|Marcellus drilling is coming to the area.|
Consol Energy, a company that is in both gas and coal, has permitted five horizontal wells on the Kenneth Meadows property at Normantown in Gilmer County.
Depth is 6100' for the first four wells and 6400' for the fifth well.
New data from energy industry analysts and the federal government show that the Marcellus Shale is about to become the most productive natural gas field in the United States, even though serious drilling began only five years ago.
While New York is holding back on Marcellus drilling, it has been moving forward in parts of Pennsylvania, West Virginia and Ohio.
Jay Apt, a professor of technology at Carnegie Mellon University, questions whether the bounty will fuel the growth of local industry, or whether it will be shipped to Canada, the Gulf Coast or even overseas, where the price of natural gas is much higher.
In 2008, Marcellus production barely registered on national energy reports.
In July, the combined output from Pennsylvania and West Virginia wells was about 7.4 billion cubic feet per day, according to Kyle Martinez, an analyst at Bentek Energy.
That's more than double the 3.6 billion cubic feet from last April, and represents over 25 percent of national shale gas production.
The Marcellus Shale is a gas-rich formation of rock thousands of feet below ground. Advances in drilling technology made the shale accessible, which led to a boom in production, jobs and profits, and a drop in natural gas prices for consumers.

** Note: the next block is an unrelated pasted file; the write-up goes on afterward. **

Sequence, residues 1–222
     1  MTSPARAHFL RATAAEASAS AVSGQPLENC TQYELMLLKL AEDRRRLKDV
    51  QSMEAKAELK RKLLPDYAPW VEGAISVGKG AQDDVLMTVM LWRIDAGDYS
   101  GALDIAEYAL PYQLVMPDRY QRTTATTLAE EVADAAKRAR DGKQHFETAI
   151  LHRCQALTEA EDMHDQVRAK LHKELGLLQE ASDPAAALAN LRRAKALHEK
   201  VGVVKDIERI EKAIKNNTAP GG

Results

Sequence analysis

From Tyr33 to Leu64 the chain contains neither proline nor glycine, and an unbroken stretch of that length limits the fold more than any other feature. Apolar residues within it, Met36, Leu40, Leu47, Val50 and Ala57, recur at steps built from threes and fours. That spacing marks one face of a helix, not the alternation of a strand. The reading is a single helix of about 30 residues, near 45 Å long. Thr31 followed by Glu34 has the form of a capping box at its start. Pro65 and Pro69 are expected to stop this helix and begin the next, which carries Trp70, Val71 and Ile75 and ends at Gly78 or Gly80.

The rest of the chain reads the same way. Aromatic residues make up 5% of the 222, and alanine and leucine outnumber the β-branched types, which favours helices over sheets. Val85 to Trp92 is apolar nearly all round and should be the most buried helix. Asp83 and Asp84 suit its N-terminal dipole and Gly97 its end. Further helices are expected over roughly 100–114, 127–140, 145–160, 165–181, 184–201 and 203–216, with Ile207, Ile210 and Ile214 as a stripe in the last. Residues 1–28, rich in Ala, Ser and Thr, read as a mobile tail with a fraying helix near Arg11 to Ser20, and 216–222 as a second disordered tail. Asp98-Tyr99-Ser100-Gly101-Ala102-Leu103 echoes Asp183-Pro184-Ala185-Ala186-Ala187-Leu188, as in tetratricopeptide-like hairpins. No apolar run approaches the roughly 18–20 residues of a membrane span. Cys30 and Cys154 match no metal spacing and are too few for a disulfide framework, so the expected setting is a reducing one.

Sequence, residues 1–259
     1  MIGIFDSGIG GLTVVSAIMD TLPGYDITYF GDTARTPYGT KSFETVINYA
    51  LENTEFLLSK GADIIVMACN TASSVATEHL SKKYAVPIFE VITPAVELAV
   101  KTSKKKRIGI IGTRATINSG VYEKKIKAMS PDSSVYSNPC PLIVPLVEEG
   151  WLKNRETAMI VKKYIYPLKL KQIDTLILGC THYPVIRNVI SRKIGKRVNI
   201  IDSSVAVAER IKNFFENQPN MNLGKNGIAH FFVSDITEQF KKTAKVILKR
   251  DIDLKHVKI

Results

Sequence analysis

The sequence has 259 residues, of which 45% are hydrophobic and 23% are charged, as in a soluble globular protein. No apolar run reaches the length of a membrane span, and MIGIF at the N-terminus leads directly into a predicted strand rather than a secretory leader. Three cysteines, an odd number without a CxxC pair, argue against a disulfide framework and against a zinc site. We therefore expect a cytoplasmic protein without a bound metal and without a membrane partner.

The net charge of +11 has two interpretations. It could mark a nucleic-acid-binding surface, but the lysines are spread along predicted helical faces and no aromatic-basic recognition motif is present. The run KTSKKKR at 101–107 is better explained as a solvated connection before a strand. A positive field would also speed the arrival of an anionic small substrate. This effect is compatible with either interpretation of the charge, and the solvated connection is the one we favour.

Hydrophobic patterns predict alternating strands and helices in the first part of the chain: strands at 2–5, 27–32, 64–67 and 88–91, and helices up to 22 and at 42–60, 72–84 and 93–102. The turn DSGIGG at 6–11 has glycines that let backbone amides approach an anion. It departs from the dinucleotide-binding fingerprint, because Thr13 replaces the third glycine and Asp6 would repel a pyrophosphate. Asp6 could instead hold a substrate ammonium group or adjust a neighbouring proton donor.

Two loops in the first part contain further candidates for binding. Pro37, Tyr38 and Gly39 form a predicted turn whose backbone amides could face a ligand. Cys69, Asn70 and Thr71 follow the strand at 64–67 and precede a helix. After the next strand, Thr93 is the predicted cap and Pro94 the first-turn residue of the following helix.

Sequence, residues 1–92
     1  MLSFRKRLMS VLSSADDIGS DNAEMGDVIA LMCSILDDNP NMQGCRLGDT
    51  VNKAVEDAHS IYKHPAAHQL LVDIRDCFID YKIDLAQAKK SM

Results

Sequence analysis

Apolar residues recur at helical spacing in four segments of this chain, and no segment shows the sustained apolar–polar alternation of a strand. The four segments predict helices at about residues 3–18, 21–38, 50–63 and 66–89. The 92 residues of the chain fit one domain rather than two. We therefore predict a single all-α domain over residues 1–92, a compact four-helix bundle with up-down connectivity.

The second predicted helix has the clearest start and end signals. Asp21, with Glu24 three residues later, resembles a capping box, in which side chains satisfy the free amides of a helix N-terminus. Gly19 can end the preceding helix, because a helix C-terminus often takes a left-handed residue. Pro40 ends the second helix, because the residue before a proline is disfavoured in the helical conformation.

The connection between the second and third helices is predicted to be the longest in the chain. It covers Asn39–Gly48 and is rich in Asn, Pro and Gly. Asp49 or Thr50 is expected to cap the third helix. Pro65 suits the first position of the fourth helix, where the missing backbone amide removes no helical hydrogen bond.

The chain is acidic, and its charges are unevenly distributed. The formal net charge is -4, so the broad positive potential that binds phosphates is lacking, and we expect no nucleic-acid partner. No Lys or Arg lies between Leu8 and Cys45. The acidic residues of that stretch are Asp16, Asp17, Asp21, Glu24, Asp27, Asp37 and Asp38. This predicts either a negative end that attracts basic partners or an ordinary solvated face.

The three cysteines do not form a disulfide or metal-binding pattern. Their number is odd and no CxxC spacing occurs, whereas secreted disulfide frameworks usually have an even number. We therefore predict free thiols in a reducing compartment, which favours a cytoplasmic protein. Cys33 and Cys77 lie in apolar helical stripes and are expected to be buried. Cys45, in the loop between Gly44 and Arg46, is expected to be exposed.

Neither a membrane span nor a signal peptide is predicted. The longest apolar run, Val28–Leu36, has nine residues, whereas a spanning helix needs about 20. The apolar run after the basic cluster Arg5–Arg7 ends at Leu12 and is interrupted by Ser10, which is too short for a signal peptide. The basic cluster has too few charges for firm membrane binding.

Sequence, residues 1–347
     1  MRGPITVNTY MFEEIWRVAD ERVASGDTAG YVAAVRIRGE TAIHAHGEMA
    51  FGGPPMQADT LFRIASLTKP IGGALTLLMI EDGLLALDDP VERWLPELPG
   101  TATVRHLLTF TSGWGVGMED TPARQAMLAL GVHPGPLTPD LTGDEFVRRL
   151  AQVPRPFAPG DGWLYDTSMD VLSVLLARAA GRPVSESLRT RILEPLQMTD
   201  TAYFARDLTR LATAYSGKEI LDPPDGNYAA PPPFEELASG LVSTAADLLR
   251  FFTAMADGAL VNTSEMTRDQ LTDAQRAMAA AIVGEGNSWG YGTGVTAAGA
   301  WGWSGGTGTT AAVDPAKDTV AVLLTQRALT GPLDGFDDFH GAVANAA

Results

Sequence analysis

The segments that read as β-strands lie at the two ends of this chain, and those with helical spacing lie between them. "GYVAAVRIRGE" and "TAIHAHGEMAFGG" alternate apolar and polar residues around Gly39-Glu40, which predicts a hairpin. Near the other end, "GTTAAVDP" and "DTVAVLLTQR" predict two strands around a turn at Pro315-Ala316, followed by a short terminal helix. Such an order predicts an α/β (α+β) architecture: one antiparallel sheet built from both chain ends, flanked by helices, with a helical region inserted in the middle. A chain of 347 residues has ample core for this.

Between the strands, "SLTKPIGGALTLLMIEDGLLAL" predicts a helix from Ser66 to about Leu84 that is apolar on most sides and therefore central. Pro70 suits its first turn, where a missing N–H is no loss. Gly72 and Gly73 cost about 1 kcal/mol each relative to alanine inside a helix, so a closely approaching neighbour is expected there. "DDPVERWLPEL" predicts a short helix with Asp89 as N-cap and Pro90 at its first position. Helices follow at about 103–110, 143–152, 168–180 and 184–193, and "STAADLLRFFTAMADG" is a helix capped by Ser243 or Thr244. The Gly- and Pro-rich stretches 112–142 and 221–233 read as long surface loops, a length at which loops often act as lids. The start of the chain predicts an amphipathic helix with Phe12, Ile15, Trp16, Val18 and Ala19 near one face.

But there are also concerns about pollution and impacts to roads and other public services.
In West Virginia concerns have been expressed that drillers have not employed state workers.
Apt said having a natural resource bounty is one thing, and using it wisely is another. The current wholesale price of natural gas is about $3 here, but $12 or more in Europe and Japan.
"It's clear people will want to export" the Marcellus gas, Apt said, adding that such an outcome could lead to what economists call "the resource curse," which is when the general population hardly benefits, while a few get very rich.
But Apt said there are some hopeful signs, such as the Shell Oil Co. plan to build a petrochemical "cracker" plant to turn Marcellus gas into other consumer and industrial products including plastics.
It's widely believed that if Shell moves ahead with plans to build that $2 billion plant north of Pittsburgh, other small industries will follow.
Efforts to local a "cracker" plant in West Virginia have yet to materialize.
It looks like the Marcellus region will be in the top production spot for several years, analysts say, while coal production declines.
Several major Marcellus region pipeline expansions are scheduled for completion this fall, which should allow production to grow even more, and make it easier to ship gas to other parts of the northeast.